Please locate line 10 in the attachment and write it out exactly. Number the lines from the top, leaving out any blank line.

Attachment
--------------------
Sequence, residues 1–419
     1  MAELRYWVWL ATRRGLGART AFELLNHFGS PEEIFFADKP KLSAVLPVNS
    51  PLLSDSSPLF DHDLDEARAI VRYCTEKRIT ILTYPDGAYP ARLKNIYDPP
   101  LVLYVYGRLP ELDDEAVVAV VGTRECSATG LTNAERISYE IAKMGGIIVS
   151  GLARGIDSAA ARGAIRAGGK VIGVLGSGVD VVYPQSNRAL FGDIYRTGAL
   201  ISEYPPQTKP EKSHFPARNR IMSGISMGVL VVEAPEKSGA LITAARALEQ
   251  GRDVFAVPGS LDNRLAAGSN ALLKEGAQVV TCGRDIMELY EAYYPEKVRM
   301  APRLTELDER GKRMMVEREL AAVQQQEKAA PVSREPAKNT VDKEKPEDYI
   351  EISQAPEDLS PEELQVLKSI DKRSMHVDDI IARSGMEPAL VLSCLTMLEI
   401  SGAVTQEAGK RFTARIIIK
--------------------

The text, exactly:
   401  SGAVTQEAGK RFTARIIIK